In a consultation published this afternoon, the Ministry of Housing, Communities and Local Government (MHCLG) has also announced proposed revisions to its new standard method of assessing housing need and a response to a landmark European Court of Justice ruling on habitats earlier this year.
It said it intends to publish a new version of the National Planning Policy Framework (NPPF) to accommodate the proposed changes.
The consultation document says that "early experience" of applying the revised definition, set out in paragraph 73 of this July’s revised NPPF, "has suggested that it would benefit from some clarification of the wording".
"In particular," it says, "the existing text could be clearer that sites that are not major development, and which have only an outline planning consent, are in principle considered to be deliverable."
The July framework said: "Sites that are not major development, and sites with detailed planning permission, should be considered deliverable until permission expires, unless there is clear evidence that homes will not be delivered within five years (eg they are no longer viable, there is no longer a demand for the type of units or sites have long term phasing plans)."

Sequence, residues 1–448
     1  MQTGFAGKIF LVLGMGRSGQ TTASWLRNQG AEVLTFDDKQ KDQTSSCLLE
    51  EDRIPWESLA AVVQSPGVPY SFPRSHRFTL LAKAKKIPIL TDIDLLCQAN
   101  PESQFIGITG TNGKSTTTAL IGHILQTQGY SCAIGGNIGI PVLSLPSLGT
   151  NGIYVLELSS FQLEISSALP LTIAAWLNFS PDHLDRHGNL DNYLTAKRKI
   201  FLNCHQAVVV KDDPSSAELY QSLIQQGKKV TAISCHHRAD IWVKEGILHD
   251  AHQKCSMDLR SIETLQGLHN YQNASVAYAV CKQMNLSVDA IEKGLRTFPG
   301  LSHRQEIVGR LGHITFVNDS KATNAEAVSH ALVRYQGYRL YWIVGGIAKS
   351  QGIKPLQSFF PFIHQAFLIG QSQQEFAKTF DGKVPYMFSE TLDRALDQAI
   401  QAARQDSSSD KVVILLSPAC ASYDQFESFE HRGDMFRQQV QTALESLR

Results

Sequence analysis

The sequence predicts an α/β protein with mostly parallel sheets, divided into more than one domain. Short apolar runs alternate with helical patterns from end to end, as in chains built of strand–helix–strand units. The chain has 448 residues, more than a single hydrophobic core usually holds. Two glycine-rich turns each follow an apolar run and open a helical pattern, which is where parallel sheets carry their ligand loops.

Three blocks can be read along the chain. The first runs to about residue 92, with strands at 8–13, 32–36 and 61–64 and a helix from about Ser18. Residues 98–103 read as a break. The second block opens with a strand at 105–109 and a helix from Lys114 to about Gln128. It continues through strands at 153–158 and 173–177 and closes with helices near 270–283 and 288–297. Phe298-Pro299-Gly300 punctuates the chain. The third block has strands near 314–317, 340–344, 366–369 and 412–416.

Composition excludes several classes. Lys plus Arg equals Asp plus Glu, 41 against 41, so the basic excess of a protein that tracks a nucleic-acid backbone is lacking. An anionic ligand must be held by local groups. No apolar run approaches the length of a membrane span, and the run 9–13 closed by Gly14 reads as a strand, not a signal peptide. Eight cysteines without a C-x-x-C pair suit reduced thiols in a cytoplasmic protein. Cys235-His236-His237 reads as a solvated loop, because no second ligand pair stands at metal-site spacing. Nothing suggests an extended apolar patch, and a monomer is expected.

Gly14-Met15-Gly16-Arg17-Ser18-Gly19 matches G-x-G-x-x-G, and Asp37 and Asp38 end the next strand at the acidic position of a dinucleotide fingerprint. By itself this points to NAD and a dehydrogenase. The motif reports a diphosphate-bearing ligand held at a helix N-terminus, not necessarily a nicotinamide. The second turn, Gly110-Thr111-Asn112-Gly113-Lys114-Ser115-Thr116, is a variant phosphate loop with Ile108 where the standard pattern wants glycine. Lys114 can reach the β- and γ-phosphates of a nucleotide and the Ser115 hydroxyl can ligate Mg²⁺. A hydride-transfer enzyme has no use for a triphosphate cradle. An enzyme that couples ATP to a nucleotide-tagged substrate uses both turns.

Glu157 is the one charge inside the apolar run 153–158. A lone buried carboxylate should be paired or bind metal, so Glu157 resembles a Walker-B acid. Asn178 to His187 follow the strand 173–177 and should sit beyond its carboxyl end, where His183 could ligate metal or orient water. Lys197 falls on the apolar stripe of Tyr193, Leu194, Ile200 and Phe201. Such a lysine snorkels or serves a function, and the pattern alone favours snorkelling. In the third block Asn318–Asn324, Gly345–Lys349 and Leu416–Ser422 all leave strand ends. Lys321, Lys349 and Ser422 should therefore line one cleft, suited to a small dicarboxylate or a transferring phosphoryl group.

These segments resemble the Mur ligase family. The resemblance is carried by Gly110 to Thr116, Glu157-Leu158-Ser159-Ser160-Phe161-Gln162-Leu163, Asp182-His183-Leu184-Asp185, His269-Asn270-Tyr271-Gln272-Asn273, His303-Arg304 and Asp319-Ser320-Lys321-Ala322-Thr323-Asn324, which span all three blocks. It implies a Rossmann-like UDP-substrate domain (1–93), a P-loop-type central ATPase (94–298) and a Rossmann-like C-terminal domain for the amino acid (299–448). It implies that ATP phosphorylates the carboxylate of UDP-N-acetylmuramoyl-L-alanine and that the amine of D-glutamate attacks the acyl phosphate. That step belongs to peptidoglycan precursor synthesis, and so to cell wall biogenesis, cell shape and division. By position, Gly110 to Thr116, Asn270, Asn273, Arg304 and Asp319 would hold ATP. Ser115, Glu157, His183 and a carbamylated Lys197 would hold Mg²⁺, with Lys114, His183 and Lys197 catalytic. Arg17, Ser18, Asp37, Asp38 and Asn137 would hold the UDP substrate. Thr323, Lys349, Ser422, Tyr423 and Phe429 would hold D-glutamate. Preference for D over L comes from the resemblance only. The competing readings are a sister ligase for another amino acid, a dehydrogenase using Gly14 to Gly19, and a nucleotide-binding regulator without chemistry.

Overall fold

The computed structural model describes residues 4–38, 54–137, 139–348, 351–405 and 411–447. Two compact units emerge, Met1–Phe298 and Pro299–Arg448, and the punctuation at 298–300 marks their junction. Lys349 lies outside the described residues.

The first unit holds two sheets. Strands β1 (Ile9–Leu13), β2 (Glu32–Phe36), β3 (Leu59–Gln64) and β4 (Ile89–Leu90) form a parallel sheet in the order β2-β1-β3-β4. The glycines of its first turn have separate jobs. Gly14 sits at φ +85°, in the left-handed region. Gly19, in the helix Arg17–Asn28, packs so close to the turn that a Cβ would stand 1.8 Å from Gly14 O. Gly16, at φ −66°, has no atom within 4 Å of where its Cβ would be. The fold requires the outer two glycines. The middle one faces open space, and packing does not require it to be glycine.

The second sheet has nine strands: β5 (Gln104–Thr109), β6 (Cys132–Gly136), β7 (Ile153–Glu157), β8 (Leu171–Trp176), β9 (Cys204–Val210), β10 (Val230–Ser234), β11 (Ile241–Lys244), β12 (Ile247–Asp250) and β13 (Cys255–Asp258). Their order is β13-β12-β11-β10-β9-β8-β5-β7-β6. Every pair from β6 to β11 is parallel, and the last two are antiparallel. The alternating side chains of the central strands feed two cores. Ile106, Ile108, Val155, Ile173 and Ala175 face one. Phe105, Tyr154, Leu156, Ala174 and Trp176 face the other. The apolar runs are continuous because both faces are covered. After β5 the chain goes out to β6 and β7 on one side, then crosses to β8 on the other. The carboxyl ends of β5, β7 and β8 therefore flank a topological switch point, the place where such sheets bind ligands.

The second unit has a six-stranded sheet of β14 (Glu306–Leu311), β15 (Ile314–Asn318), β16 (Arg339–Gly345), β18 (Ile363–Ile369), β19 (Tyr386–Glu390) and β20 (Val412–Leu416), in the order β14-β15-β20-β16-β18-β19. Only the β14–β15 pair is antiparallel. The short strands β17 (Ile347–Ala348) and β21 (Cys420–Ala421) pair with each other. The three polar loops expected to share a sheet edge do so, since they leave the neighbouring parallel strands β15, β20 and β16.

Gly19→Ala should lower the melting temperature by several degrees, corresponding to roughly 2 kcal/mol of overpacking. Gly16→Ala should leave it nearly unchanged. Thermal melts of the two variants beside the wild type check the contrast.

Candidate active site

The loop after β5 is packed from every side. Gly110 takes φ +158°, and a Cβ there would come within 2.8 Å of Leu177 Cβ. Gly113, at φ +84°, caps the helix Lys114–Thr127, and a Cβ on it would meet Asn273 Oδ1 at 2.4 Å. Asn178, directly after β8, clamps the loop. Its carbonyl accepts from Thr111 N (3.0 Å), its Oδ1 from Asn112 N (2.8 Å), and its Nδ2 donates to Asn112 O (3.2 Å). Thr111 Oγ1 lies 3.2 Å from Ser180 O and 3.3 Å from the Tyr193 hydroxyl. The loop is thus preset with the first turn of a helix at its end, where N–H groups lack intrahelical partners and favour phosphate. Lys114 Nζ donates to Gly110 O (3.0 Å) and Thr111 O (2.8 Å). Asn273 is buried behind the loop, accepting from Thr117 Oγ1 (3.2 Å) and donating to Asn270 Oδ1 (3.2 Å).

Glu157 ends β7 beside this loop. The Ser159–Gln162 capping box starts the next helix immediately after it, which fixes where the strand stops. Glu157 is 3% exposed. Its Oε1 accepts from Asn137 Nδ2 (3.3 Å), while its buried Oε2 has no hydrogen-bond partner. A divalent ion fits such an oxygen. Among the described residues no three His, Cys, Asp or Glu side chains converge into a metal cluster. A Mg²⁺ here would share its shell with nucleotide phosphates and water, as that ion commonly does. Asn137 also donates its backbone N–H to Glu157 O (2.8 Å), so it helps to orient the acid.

The proposed revision says: "Sites which do not involve major development and have planning permission, and all sites with detailed planning permission, should be considered deliverable until permission expires", subject to the same prescribed exceptions.
The ministry said that, if this revised formula is written into national policy, it will produce additional national planning guidance "on the way that sites with different degrees of planning certainty may be counted when calculating housing land availability".
The definition in the July NPPF was itself revised from the definition in the 2012 framework.
The consultation closes on Friday 7 December 2018. The Technical consultation on updates to national planning policy and guidance can be found here.